As we wind down to the last few weeks of 2013, some significant dates arrive in addition to the traditional Thanksgiving and Christmas holidays.
For business owners and retailers, the final 30 to 45 days of the year can make or break the bank, and even be a prediction of things to come. Aside from Black Friday, which is as late as the calendar will allow this year and often-touted as the “busiest shopping date of the year,” we have “Cyber-Monday” which has been so named since 2005 and is a self-promoted, self-produced on-line shopping day the Monday after Thanksgiving.
To put things in perspective, sales generated that day broke through the $1 billion mark in 2010 and increased last year by 22 percent to $1.2 billion. Experts predict we’ll break through the $2 billion mark this year.
Those may be enviable statistics, but the day that many small businesses look forward to and participate in is Small Business Saturday.
In 2010, American Express created that day specifically for consumers to support and spend money in local stores, and scheduled it the day after Black Friday.
Small Business Saturday is a brilliant move by AmEx, which has created a viral campaign that is “liked” by 3.2 million Facebook followers. AmEx created signs and e-mail campaigns, and provide marketing material to help small businesses spread the word. Even though the intention may appear a bit self-serving, the reality is that the program has generated needed publicity for small businesses and highlights the challenges they face.
According to the Small Business Administration, a small business is generally one with less than 500 employees doing less that $2.5 in annual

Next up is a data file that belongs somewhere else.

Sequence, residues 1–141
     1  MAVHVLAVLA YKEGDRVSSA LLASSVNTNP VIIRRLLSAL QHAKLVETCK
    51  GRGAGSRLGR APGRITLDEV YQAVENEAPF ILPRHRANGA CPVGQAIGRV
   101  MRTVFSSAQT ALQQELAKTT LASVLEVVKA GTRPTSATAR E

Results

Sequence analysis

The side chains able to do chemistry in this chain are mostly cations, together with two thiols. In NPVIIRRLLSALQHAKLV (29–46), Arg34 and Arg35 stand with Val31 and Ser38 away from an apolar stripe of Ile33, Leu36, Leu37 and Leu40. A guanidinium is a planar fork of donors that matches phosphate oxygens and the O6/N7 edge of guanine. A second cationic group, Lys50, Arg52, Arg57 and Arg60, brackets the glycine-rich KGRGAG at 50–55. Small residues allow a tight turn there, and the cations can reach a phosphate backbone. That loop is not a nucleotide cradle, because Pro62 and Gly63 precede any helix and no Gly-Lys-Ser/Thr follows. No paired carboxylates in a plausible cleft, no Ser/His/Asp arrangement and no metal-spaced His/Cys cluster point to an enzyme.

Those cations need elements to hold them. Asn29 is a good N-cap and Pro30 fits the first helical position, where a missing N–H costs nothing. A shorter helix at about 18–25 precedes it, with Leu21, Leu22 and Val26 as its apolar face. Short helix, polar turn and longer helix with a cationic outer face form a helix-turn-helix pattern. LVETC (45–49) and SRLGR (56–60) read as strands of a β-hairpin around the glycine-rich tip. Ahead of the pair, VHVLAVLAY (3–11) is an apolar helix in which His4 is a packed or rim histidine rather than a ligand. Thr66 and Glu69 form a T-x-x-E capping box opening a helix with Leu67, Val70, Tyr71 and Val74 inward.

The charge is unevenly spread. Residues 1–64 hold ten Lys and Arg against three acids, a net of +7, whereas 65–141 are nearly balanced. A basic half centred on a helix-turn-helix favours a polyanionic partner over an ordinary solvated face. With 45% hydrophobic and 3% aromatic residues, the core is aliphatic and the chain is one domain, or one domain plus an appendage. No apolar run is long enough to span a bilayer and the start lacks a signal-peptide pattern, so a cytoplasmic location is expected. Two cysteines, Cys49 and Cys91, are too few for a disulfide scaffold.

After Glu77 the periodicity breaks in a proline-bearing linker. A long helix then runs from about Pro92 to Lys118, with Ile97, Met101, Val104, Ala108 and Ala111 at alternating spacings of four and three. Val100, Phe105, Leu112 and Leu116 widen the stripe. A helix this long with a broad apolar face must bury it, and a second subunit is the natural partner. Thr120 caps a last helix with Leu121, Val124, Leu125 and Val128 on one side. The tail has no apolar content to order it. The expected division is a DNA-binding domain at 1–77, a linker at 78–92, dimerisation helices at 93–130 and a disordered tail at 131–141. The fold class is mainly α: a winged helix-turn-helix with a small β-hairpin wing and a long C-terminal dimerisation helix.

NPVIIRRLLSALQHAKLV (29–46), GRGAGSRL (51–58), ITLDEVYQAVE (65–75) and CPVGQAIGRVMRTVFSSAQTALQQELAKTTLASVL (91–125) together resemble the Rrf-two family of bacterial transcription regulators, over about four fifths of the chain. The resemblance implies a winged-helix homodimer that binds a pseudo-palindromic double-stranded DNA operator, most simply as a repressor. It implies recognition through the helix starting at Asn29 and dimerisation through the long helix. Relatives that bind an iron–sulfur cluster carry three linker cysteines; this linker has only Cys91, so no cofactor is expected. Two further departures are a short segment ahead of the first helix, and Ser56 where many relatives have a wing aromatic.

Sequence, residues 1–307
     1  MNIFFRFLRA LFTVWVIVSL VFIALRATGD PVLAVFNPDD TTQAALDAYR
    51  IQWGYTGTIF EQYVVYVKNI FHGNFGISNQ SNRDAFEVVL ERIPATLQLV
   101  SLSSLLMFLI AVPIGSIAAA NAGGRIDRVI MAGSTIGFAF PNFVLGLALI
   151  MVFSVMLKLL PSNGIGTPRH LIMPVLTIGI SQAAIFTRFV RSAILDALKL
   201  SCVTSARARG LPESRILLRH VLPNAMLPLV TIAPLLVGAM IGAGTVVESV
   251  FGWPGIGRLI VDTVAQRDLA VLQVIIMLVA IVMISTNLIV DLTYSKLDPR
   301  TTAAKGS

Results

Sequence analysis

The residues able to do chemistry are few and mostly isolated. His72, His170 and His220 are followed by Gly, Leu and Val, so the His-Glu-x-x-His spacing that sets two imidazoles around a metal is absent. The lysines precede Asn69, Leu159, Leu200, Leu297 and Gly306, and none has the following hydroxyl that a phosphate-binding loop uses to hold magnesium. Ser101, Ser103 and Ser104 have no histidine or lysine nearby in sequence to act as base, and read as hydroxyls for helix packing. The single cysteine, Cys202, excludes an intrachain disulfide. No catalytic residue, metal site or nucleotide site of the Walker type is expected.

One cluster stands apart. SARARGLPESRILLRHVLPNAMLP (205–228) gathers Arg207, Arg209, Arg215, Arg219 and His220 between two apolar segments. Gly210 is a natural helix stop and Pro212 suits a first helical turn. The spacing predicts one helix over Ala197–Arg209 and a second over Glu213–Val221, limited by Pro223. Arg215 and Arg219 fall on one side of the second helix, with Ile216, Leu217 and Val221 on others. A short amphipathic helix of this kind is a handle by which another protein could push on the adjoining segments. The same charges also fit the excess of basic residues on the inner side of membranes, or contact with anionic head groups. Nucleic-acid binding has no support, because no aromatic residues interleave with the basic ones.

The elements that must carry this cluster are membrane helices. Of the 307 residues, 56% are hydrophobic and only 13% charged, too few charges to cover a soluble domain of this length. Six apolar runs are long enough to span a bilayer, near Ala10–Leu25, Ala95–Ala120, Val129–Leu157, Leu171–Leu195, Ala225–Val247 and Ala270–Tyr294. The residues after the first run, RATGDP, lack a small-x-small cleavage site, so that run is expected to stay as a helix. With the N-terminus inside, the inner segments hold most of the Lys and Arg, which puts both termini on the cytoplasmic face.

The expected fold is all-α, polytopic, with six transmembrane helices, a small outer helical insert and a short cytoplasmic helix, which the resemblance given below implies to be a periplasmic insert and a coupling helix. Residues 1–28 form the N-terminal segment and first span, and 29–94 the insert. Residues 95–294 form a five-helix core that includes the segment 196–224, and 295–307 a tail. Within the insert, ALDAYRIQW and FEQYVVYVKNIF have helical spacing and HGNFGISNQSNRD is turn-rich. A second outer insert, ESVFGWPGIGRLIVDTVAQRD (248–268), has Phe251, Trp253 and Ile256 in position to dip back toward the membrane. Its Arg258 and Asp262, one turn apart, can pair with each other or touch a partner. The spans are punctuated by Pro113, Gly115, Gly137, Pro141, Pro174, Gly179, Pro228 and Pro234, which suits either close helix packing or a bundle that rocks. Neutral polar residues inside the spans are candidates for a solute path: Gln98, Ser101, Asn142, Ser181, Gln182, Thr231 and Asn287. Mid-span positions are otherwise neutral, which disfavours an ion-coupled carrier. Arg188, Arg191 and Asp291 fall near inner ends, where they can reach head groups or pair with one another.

sales. And that description defines the majority within most of the United States since over 97 percent of all businesses are considered small businesses. The numbers can vary depending upon whether it is a retail, service or manufacturing company.
Locally we have new businesses as well as those that have been here for decades. They all deserve your love and, as Lori Kenyon Farley of Ritual Cleanse and Ritual Juice Box in Corona del Mar, which opened in 2012, shares: “Small Business Saturday gives us all a chance to celebrate and shop at small businesses that help to create jobs, boost the economy, and preserve neighborhoods around the country.” Ritual Cleanse is helping during the Christmas season by offering up to 20% discounts on certain purchases.
So how do you do your part?
On Saturday, November 30 – assuming you still have money left after Black Friday – try shopping locally for a change. That means:
• Avoid the large chain stores, i.e., no COSTCO, Wal-mart, K-mart or any other mart out there.
• Stay away from the malls, unless the business is locally owned.
• Franchises are okay as long as they are individually owned and not part of the corporate ownership.
• Buy gifts at some of the local boutiques, clothing stores, privately owned hardware stores or similar, food stores, bakeries, pet stores, wine merchants, etc.
At a minimum, go out to eat somewhere that is not part of a big chain and keep entrepreneurship and small business alive and thriving.
Along with newer Newport businesses like Ritual, at the other end is Sugar & Spice, one of the fine purveyors of a Balboa Island classic: the frozen banana.
When asked, owner Helen Connolly offered, “We should all do our part to support the Mom and Pop stores that run this country.”
True enough. So after your healthy meal, have a banana then hit Ritual Cleanse.
For more information, visit smallbusinesssaturday.com.